Accusations Pile Up on Top D.C. Rabbi Barry Freundel

He was busted for allegedly spying on female congregants. Last year, he booked a trip with a woman who's not his wife, which is prohibited under Orthodox law.

10.15.14 11:00 PM ET

One of the most powerful Orthodox rabbis in America was arrested Tuesday for allegedly spying on nude women in his synagogue, but possibly sinful behavior by Barry Freundel may be more damaging.

Documents obtained by The Jewish Channel several months ago and reviewed The Daily Beast reveal that Freundel was booked on a cross-country trip with a woman who was not his wife this year, which is prohibited under Orthodox laws of yichud. It’s not clear when they met or what the exact nature of their relationship was.

Freundel’s work responsibilities until last year included setting standards for Orthodox conversion in the United States and overseeing thirteen rabbinical courts around the country, Until last year, Freundel served as the chairman of the Conversion Committee for the Rabbinical Council of America, the largest body of Orthodox rabbis in the United States. In his position, he oversaw 13 rabbinical courts and set standards for Orthodox conversion. In both positions, Freundel has been in a position to decide what activities make one eligible and ineligible to be an Orthodox Jew. Freundel is also rabbi of the prominent Kesher Israel synagogue in Washington. Not only is the congregation full of prominent Jews like Treasury Secretary Jacob Lew but it’s also one of America’s most modern, letting women read from the Torah and hold positions of leadership.

Freundel also sets standards for kosher food service in the D.C. metropolitan area as vice president of his region’s Vaad, which supervises and certifies kosher establishments.

In 2013, Freundel had announced a seven-week “study leave” beginning May 22, during which he would “conduct research” and “complete a book” on matters of Jewish law, according to his synagogue newsletter. “This study leave is an important aspect of the life of a pulpit rabbi, providing opportunities for study and professional growth which might not otherwise be possible,” he said in the newsletter.

At 11:05 a.m. on May 22, Freundel was booked to be in a private room on a train bound for Chicago with a woman who was not his wife. According to the train’s literature, the room comes with “two reclining seats [that] convert to a bed,” a sink, toilet, and a “sweeping picture window.”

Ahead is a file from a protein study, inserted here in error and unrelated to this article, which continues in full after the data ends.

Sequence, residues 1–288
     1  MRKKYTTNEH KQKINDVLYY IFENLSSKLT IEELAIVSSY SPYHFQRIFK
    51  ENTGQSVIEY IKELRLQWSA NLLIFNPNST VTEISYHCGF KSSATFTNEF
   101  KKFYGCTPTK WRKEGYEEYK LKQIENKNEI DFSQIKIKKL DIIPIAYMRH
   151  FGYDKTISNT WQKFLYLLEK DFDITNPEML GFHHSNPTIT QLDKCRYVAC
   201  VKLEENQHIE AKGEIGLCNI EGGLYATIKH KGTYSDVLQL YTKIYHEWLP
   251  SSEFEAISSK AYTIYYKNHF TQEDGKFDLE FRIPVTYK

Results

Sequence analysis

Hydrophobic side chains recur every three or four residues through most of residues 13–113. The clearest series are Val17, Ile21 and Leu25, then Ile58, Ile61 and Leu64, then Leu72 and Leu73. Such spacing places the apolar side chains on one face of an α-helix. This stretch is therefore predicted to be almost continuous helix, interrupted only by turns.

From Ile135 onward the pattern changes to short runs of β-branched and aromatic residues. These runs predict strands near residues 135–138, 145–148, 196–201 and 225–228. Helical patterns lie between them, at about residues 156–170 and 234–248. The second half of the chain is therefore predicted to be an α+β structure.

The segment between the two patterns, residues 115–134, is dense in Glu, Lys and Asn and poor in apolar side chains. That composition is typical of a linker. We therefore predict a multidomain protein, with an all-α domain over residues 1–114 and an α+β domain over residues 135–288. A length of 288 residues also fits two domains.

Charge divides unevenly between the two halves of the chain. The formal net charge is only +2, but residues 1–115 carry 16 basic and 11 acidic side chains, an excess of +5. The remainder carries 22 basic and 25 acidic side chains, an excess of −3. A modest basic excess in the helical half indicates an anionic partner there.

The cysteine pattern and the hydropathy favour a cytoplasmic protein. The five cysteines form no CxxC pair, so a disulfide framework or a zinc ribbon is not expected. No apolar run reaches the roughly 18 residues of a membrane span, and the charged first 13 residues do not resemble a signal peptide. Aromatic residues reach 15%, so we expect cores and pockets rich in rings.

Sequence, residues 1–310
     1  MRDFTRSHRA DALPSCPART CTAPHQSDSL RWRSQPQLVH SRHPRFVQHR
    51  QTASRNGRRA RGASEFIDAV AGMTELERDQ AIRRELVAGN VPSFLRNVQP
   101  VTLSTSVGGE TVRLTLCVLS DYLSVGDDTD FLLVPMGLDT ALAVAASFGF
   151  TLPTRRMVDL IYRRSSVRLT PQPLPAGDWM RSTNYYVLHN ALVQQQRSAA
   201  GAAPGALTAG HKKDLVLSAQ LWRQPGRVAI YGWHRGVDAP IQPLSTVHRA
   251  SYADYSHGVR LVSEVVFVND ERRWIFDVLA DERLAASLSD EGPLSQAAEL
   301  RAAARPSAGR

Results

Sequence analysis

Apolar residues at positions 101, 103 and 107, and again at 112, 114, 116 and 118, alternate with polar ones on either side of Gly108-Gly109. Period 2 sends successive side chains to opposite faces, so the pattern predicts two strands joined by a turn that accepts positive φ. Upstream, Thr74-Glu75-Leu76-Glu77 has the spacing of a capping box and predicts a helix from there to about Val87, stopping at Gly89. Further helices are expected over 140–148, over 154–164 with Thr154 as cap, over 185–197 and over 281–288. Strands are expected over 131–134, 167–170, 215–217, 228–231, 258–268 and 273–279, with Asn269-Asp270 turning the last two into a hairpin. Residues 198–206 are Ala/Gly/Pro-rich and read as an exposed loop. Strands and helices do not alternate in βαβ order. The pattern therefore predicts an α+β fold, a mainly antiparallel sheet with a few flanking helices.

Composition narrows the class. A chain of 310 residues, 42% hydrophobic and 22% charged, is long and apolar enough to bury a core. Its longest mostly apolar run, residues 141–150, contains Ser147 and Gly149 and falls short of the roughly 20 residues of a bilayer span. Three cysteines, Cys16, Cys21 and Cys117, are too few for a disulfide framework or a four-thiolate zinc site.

They apparently boarded a return train in Chicago bound for D.C. at 6:10 p.m. on May 28. This 18-hour trip was in a less nice room, but one that had two seats that convert into a bed. After breakfast the next morning, they disembarked. One person who requested anonymity said Freundel emerged from the train without a kippah (skullcap) on his head, which he’d normally be wearing at all times as an Orthodox rabbi. Freundel was with his female train companion, too.

A phone message for Freundel at his synagogue was not returned, nor was an e-mail to his personal account. Calls to his cellphone and home numbers were not answered.

RCA president Rabbi Leonard Matanky said Tuesday of Freundel’s trip, “we never had any proof of such a thing.” Matanky said the RCA has not made any decisions about Freundel’s status or considered what it might mean for converts, because “it’s an unfolding story” with his arrested and that no decision-making process would begin until more details are available. Matanky did say, however, that “if, God forbid, any rabbi, any person were to violate the law, no one is above the law.”

Freundel’s arrest comes at a moment of great tension regarding the question of who is considered a Jew. The Israeli Chief Rabbinate in recent years has invalidated many thousands of conversions, arguing that the rabbis converting these individuals were too lax in enforcing strict Orthodox standards for applicants, like ensuring they’d keep kosher after the conversion process was over.

This has meant that people who thought they were Jewish were suddenly left without the ability to get married or send their kids to Jewish schools in Israel. In 2006, Freundel was the RCA’s representative to negotiations with the Israeli Chief Rabbinate to ensure that those converted by RCA rabbinical courts would not be similarly treated. Revelations of Freundel’s activities could thus throw into chaos the status of thousands who've converted under standards set, overseen and enforced by the rabbi, not to mention the many hundreds who've converted directly under Freundel.